The United States Bureau of Labor Statistics (BLS) projects that employment of registered nurses (RNs) will grow seven percent from 2019 to 2029, which is faster than the average for all occupations. This is based on a number of trends, including:
- increased emphasis on preventive care
- rising rates of chronic conditions, such as diabetes, obesity and dementia
- demand for healthcare services among the baby boomer generation
However, the BLS also reveals that the typical level of education needed to enter this occupation and earn the most lucrative salaries is a Bachelor of Science in Nursing (BSN) degree. Most employers prefer BSN-prepared registered nurses — and many require it.
BSN-Prepared Nursing Opportunities
RN nurses should consider furthering their educations not just because employers prefer BSN-prepared staff, but also because a BSN degree can increase your earnings and open up more career opportunities. Pharmaceutical RNs, nursing informatics professionals, nurse case managers and nurse administrators are just a few of the highest paying roles that BSN-prepared nurses are eligible to fulfill. Recently, jobs related to the COVID-19 pandemic have also become incredibly high-paying.
However, there are opportunities outside these specialties that offer even more competitive salaries for BSN-prepared nurses, such as:
- Travel nurses (in any specialty)
- Oncology nurses
- Addiction nurses
- Cardiovascular nurses
- Neonatal nurses
- Public health nurses
Of course, RN staff nurses are also in high demand and can make an average of $73,300 per year, according to 2019 data from the BLS. Still, Nurse.org states that, "In general, if you're an RN who also holds a BSN, you can expect to make more as a staff nurse. This isn't always the case, and it varies by facility, but because many hospitals and healthcare facilities are prioritizing hiring BSN-prepared nurses, they may offer higher salaries and/or sign-on bonuses and incentives for new employees."
Profitable Positions in Ohio & Michigan
The American Association of Colleges of Nursing (AACN) 2019 report showed that the number of BSN-prepared nurses is at an all-time high at 56% of all nurses.
For BSN-prepared nurses working in the East North Central region, including Michigan and Ohio, salaries aren't the highest in the country, but they are competitive. Per ZipRecruiter data, the average annual salary for a BSN nurse in Ohio is $86,836, compared to a nationwide average of $86,177 (according to March 2021 PayScale data). In Michigan, the average annual salary for RNs with a BSN is also $86,836.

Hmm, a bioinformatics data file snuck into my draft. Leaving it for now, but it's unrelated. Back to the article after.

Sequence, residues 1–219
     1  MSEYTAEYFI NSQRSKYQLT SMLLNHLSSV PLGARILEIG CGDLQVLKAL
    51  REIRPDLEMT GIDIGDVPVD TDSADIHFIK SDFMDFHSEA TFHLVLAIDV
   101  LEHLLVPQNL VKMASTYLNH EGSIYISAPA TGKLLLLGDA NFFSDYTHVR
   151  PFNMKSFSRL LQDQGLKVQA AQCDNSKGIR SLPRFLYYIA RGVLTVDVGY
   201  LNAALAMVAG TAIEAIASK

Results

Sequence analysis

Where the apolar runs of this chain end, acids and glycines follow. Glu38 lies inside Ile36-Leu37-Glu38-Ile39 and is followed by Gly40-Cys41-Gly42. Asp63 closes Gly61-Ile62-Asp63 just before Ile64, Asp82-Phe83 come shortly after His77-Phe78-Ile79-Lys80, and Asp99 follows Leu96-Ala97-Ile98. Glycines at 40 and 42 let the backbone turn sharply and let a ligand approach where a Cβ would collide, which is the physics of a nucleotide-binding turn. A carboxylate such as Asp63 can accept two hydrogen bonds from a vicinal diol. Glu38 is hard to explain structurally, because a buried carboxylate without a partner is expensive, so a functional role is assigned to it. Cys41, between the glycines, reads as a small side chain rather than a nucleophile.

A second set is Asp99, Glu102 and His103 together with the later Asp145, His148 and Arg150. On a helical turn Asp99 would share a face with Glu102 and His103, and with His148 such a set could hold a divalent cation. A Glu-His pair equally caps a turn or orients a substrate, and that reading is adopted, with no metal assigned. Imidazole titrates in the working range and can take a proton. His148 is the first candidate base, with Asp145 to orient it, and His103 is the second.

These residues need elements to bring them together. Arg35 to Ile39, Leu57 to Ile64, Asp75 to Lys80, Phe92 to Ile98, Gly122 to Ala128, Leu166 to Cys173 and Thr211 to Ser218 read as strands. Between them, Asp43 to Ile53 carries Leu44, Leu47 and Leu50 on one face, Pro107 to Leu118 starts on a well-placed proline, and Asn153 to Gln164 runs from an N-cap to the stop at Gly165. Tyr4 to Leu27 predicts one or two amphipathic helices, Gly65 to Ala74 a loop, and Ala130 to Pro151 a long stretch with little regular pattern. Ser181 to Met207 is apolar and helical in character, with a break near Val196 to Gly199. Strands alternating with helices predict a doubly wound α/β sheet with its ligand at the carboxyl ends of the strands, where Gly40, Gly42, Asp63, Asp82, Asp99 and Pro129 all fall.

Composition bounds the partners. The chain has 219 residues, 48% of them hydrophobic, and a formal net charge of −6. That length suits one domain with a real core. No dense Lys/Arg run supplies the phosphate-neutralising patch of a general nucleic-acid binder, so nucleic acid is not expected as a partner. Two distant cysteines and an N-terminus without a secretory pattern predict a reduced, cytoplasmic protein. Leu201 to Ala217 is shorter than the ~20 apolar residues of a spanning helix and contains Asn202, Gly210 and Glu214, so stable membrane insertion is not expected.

Michigan's "Hot 50 Job Outlook Through 2028" report also serves as evidence for growth opportunities for BSN-prepared RNs (a projected job growth of 9.8% between 2018 and 2028).
Why Do Some RNs Resist Earning a BSN?
Even with all this evidence, there's still hesitation among RNs with an ADN to move forward with their education. The Ohio Board of Nursing 2019 "Ohio Workforce Data Summary Report" broke down the reasons for not obtaining a BSN (from 46,167 respondents):
- Age or stage in career – 29% (13,202)
- Satisfied with current level of practice – 18% (8,157)
- Financial barriers/tuition assistance – 7% (3,382)
- Personal and/or work schedules – 6% (2,791)
- Plan to leave nursing; retired; not working in nursing – 23% (10,605)
- Out of school too long; too difficult – 6% (2,840)
- Other, and no accessible program – 11% (5,190)
While everyone has different barriers and challenges to progressing their career, some may not understand the various options for overcoming those obstacles.
For example, online RN to BSN programs such as that at Eastern Michigan University (EMU) are incredibly flexible, allowing students to work or fulfill family obligations while completing courses. EMU offers six different start dates per year, and the program can be completed in as few as 12 to 24 months — a quicker path to securing higher-paying positions.
EMU's program also offers the same affordable, pay-by -course rate for in-state and out-of-state students. Financial aid may also be available for eligible students. Since the program is completely online, anyone can attend — whether they reside in eastern Michigan or across the country.
Turning a Shortage into a Fruitful Career
The nationwide nursing shortage can seem like an overwhelming problem as the demand for qualified nurses has struggled to keep up with widespread healthcare needs. Yet, nurses who jump into a BSN track can be a key solution to the problem. Those who recognize this will have their labor well-rewarded.
Learn more about Eastern Michigan University's online RN to BSN program.
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